Error Handling in Go (Part-2)

Error Handling in Go (Part-2)

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Creating errors with errors.New() function

If we don't need a custom type for an error, and we can work with a single error type then we can use errors.New() function to create an error on the fly.

Creating a new error is simple. We simply need to call the New function as shown in the below example:

package main

import (
  "errors"
  "fmt"
)

func division(i, j float32) (interface{}, error) {
  if j == 0 {
    return "", errors.New("ERROR: Division by Zero")
  }
  return i / j, nil
}

func main() {
  if _, err := division(157, 0); err != nil {
    fmt.Println(err)
  }
}
ERROR: Division by Zero

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NOTE: Each call to the New() function returns a distinct error value even if the text is identical.

The New() function makes it easy to create an error, but how New() function is doing this?

Take a look at the source code of the errors package.

package errors

// New returns an error that formats as the given text.
// Each call to New returns a distinct error value even if the text is identical.
func New(text string) error {
  return &errorString{text}
}

// errorString is a trivial implementation of error.
type errorString struct {
  s string
}

func (e *errorString) Error() string {
  return e.s
}

The New () function takes a string as input and returns the pointer to the type errorString struct that only has one field s string.

The return type of the New() function is error, and the actual returning value is a pointer to the errorString struct. This means type errorString implements error interface.

The implementation of the errors package is pretty straightforward and easy to fathom.

Creating errors with fmt.Errorf() function

Use of errors.New() to create new errors is just fine, but if we want to add more information or context to the error, then New() function is futile because it does not have a built-in string formatting mechanism. We will have to use something like fmt.Spritnf to format our error string and then pass it to the New() function which is just overwork.

The better way to use is fmt.Errorf function.

package main

import (
  "fmt"
)

func division(i, j float32) (interface{}, error) {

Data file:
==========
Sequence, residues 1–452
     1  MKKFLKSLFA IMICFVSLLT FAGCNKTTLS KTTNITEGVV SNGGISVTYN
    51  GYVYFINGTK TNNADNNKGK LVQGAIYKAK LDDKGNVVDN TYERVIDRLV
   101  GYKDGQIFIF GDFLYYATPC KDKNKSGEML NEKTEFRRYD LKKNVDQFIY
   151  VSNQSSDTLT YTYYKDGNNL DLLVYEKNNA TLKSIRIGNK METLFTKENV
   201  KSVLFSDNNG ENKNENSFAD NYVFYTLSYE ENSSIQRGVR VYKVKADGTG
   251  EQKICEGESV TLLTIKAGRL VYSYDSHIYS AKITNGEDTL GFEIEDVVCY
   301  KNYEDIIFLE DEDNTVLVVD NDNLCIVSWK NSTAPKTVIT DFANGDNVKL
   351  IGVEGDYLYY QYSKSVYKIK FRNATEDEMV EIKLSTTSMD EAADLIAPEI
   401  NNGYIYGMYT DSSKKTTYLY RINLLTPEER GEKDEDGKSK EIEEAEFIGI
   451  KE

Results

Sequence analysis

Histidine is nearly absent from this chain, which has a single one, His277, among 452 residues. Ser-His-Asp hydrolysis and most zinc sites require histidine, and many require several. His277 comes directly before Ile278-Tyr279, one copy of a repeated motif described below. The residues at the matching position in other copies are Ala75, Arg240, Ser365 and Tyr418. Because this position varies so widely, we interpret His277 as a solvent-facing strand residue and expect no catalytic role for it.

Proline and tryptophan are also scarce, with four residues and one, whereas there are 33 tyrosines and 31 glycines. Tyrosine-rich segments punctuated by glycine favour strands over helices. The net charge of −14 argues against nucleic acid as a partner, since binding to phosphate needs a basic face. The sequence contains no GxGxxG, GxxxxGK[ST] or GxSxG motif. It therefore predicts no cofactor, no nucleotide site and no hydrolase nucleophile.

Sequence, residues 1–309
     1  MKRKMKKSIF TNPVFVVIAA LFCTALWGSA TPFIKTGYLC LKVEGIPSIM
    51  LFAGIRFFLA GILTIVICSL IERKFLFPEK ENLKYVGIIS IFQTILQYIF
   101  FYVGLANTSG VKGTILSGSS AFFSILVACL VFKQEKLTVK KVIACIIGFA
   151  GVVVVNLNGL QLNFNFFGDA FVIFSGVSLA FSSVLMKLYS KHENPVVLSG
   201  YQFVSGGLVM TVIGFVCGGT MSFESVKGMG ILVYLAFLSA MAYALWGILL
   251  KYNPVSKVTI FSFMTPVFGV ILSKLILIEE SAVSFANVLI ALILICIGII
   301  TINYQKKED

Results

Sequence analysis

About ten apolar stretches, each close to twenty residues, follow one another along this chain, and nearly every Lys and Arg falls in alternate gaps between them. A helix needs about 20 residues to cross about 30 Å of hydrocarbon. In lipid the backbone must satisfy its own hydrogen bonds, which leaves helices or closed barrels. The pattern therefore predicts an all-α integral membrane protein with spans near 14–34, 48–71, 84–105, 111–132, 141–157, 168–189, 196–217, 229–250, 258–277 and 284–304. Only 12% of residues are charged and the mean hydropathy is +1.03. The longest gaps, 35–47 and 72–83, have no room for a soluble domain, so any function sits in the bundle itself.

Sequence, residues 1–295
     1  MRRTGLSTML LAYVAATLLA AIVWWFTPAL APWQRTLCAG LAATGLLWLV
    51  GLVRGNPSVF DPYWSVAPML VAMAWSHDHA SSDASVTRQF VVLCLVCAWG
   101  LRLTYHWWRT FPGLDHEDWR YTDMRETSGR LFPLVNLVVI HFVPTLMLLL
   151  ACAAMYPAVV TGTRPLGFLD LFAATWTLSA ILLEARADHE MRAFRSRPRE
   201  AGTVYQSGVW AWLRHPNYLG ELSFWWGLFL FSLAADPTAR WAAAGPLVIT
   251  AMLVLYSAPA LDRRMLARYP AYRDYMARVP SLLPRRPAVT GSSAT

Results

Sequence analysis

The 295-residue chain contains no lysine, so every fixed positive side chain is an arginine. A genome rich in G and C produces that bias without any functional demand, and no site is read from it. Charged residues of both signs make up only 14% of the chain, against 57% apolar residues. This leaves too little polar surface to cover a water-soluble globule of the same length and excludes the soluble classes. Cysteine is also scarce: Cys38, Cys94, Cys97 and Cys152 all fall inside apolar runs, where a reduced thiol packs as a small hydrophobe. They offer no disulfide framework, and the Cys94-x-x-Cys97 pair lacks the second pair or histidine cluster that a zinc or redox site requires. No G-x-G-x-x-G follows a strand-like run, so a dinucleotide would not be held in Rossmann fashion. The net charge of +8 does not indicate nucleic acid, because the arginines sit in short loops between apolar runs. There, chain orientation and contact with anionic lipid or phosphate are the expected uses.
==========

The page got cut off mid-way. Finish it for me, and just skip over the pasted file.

if j == 0 {
    return "", fmt.Errorf("ERROR: Division by Zero\nDividend: %v\nDivisor: %v", i, j)
  }
  return i / j, nil
}

func main() {
  if _, err := division(157, 0); err != nil {
    fmt.Println(err)
  }
}
ERROR: Division by Zero
Dividend: 157.000000
Divisor: 0.000000

Run the code in Go Playground

In the above program, we have replaced errors.New() function with fmt.Errorf(). Now, we can format our error and add new information to it using the Errorf function.

If you look at the implementation of fmt.Errorf() is a bit more complicated than the errors package due to the string formatting feature but at some level fmt.Errorf() function calls the errors.New() function.

So, the common question is when to use fmt.Errorf() and errors.New()? It depends on the behaviour of the error. If the error needs to have any runtime information, like the address stored in a pointer or the time at which an error occurred, then it is a good idea to use fmt.Errorf() which gives the flexibility to format your error as per your need. On the other side, your error is more of a static behaviour or it is a sentinel error and does not need to have any runtime information, then errors.New() is good enough.

Adding context to the error

Sometimes error does not make much sense unless we provide context to it. This context or additional information could be anything like the function where the error occurred or any runtime value.

The general way of adding context to the error is by using fmt.Errorf and %v verb.

package main

import (
  "errors"
  "fmt"
)

var ErrUnauthorizedAccess = errors.New("Unauthorized access")

func isUserAuthorized(uname string) error {
  // some logic to verify user authorization
  authorize := false
  if authorize {
    return nil
  }
  return ErrUnauthorizedAccess
}

func searchFile(fileId int) (interface{}, error) {
  uname := "NotAnAdmin"